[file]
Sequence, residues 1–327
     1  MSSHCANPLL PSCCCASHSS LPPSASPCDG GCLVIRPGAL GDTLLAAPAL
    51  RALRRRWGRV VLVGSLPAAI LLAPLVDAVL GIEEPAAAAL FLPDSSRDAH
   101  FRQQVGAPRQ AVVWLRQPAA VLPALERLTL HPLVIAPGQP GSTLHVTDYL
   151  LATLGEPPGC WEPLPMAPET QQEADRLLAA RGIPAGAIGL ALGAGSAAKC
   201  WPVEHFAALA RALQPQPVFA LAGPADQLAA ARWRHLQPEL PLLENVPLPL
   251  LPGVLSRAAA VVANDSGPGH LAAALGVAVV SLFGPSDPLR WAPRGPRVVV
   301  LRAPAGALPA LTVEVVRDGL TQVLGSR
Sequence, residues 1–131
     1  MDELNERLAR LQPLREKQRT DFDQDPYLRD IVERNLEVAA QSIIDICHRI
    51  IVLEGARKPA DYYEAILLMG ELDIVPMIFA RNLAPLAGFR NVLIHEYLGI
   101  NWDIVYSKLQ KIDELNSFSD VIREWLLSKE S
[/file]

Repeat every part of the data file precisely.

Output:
Sequence, residues 1–327
     1  MSSHCANPLL PSCCCASHSS LPPSASPCDG GCLVIRPGAL GDTLLAAPAL
    51  RALRRRWGRV VLVGSLPAAI LLAPLVDAVL GIEEPAAAAL FLPDSSRDAH
   101  FRQQVGAPRQ AVVWLRQPAA VLPALERLTL HPLVIAPGQP GSTLHVTDYL
   151  LATLGEPPGC WEPLPMAPET QQEADRLLAA RGIPAGAIGL ALGAGSAAKC
   201  WPVEHFAALA RALQPQPVFA LAGPADQLAA ARWRHLQPEL PLLENVPLPL
   251  LPGVLSRAAA VVANDSGPGH LAAALGVAVV SLFGPSDPLR WAPRGPRVVV
   301  LRAPAGALPA LTVEVVRDGL TQVLGSR
Sequence, residues 1–131
     1  MDELNERLAR LQPLREKQRT DFDQDPYLRD IVERNLEVAA QSIIDICHRI
    51  IVLEGARKPA DYYEAILLMG ELDIVPMIFA RNLAPLAGFR NVLIHEYLGI
   101  NWDIVYSKLQ KIDELNSFSD VIREWLLSKE S